With Sam unconscious from the fight, Mills attempts to taunt Vesta over her lack of followers in the modern day, to which Vesta explains how she’d adapted by eating the livers of lapsed virgins, the purest remaining parts of their bodies. Sam wakes up and attacks, accidentally hitting Mills with the stake, though when Vesta goes to cut out his liver, she points out the poor condition of Sam’s body. Before Vesta can react however, Mills stabs her through the heart, killing her just as Dean managed to free the group from underground.
After the boys say goodbye to Sheriff Mills, Sam wonders if his body has been permanently ravaged by the trials. Dean finally breaks, preparing to tell his brother the truth about what happened, before Ezekiel interjects and claims he’ll only need to remain within Sam’s body for a short while longer. Sam regains consciousness, to which Dean changes his tune and urges his brother to have faith for the moment.
Last week, we espoused the virtue of "Bad Boys" for taking what might have been an otherwise-retro 'Supernatural' story, and adding just enough twists of new and nostalgia to craft an entertaining hour amid the current non-starter narrative. Sadly, the same can't be said of "Rock and a Hard Place," which follows the all-too-familiar season 9 formula of Sam and Dean expositing the reasons for Kevin and Crowley's absence before being called away, and investigating a case with more camp than kick. Cue an ending action sequence, an expository appearance from Ezekiel, rinse, repeat.
If nothing else, Jensen Ackles once again proves himself the star comedic player of the season, getting plenty of mileage out of Dean's more devious behaviors amid an overtly ludicrous assembly of supporting players. Nothing much about the purity group, or the telegraphed villainy of Vesta really registers (did the previously-on segment really remind us of dragons' sole season 6 appearance, for the lone purpose of understanding that misdirect?), much as Sheriff Mills' reappearance adds relatively little to the proceedings, save for a few brief snippets of nostalgia.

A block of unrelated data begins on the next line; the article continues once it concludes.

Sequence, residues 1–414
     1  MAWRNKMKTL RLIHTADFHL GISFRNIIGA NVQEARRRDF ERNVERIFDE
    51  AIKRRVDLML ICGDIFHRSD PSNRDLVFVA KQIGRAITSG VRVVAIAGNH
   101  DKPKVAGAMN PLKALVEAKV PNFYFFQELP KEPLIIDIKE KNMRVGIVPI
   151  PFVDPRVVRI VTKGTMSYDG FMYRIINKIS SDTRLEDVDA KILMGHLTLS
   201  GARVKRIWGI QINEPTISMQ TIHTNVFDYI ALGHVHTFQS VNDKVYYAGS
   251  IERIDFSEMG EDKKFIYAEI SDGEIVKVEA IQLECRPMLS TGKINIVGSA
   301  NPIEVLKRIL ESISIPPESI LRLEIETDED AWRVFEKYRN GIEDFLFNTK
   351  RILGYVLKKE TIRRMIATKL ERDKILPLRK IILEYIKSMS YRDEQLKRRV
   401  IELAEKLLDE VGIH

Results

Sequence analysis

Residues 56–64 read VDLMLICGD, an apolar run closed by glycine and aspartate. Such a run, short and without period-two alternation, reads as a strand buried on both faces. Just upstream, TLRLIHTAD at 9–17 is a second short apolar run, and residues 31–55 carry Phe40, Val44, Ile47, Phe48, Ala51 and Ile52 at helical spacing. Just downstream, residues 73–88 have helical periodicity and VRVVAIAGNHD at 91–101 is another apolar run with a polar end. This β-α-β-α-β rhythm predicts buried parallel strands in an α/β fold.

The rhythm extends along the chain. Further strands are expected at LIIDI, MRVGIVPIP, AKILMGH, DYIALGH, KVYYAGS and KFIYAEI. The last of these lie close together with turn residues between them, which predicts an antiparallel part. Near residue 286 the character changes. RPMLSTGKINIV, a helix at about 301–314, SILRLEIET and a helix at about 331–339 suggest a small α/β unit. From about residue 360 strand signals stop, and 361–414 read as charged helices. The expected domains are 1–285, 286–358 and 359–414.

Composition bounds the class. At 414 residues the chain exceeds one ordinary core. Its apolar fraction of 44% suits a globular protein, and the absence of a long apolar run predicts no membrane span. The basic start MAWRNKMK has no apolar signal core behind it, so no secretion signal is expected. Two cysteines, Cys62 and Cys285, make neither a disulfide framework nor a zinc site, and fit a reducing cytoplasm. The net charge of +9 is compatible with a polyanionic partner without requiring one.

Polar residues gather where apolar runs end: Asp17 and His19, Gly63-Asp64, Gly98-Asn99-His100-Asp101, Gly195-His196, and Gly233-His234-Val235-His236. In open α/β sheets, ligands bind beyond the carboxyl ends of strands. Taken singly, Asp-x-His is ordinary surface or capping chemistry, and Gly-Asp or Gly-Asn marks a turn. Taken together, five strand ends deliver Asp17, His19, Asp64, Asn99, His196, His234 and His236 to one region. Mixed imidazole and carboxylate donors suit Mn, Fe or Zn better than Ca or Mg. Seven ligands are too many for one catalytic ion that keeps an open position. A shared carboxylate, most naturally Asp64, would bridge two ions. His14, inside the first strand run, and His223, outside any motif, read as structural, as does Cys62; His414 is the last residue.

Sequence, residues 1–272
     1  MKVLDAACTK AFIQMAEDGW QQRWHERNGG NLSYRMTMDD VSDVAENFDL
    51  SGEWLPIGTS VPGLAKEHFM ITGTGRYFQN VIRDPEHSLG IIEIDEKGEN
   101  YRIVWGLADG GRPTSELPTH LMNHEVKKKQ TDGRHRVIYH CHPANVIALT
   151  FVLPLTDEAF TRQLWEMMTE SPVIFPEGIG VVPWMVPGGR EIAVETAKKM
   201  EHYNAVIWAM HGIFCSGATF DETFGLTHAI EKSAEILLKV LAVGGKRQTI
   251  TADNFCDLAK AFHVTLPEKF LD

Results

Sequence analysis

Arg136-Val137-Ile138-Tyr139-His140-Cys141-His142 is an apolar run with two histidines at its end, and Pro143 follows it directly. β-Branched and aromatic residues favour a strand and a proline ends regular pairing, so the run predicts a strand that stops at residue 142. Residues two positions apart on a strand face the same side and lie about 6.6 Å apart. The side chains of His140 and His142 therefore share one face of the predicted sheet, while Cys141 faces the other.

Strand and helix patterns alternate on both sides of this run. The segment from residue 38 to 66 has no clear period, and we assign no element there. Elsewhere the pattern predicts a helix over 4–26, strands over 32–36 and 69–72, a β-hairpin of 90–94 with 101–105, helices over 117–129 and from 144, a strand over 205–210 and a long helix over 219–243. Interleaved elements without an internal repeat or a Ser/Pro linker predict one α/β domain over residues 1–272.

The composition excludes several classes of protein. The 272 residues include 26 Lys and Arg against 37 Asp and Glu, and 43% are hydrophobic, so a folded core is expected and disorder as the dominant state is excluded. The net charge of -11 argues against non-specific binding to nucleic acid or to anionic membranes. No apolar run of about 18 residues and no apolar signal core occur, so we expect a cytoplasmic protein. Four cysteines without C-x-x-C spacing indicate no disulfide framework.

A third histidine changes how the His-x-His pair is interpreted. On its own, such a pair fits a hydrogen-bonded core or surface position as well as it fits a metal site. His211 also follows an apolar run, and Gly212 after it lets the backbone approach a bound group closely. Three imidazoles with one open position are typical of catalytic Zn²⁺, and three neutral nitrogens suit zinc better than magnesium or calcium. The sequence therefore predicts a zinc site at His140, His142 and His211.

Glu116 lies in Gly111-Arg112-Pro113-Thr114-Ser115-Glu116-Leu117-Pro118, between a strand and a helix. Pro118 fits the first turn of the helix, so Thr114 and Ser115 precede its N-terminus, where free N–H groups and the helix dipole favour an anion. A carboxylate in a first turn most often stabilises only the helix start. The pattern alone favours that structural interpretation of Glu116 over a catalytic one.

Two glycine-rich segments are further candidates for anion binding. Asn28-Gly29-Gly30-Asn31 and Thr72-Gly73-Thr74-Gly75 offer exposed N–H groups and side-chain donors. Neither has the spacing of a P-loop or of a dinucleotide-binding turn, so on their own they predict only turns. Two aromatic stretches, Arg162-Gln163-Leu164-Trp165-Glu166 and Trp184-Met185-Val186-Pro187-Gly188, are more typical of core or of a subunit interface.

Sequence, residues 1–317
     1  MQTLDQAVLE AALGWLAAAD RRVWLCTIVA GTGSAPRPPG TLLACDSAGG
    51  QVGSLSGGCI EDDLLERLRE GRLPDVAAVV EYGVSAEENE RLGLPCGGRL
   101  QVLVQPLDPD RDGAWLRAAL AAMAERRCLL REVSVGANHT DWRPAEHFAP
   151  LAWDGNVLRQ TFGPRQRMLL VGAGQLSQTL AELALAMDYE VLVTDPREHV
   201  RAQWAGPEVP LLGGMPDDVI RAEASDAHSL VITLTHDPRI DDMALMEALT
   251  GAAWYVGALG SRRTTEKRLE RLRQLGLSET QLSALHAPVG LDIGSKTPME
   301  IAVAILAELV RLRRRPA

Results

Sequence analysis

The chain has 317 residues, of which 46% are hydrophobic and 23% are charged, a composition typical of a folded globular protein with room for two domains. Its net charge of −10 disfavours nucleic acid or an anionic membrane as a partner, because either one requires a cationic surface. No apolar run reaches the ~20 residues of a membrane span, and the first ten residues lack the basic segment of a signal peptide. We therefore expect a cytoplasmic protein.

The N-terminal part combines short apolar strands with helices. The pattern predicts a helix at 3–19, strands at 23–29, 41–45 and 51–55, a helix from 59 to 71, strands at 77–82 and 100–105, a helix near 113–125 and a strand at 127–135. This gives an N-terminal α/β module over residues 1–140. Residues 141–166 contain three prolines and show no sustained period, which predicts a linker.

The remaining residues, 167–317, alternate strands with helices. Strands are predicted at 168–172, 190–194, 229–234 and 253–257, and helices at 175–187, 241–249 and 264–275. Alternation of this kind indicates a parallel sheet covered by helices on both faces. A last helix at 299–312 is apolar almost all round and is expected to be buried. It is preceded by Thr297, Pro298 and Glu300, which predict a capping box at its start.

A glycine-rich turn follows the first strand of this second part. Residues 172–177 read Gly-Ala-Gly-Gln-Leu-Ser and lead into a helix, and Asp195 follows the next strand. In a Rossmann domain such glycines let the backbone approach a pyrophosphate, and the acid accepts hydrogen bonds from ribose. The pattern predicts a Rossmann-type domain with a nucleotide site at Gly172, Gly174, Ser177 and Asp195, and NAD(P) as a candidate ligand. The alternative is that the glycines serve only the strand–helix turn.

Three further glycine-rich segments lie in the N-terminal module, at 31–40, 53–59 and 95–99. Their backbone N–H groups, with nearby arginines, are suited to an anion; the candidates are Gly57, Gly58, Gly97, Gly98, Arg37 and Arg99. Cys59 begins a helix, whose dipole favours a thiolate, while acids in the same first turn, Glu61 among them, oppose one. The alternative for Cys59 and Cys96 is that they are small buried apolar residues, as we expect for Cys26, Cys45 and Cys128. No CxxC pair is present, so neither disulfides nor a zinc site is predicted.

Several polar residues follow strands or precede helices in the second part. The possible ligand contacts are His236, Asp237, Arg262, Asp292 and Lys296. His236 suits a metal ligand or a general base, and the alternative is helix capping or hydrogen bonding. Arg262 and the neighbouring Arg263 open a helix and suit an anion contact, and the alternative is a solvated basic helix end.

"Dog Dean Afternoon" seems to have broken the bank for season 9's filler quota, even as some would espouse its tongue-in-cheek tone to have been a high-point of 'Supernatural''s more comedic aspects, while here it becomes all the more apparent when an episode like "Rock and a Hard Place" splits the difference between humor and horror. Our only real ties to the increasingly thin season 9 narrative came at the end of the hour with Dean's willing admission of Sam's true state, though once again Ezekiel emerges to stall any development for the time being. Had we spent more time with Zeke as an independent character to begin with, the brief asides could potentially carry a more menacing weight, though for now they remain a symbol of season 9's labored wheel-spinning.
All in all, a few chuckles to be had, with some intriguing visuals here and there (Honor's taser torch being a particular standout) though very little of substance to digest heading into the midseason finale next month.
Well, what sayyou? Did you get your fill of scary ‘Supernatural’ action? What did you think about “Rock and a Hard Place”? Give us your take in the comments, and join us again December 7 for an all-new recap of ‘Supernatural’ season 9 episode 9, “Holy Terror,” on The CW!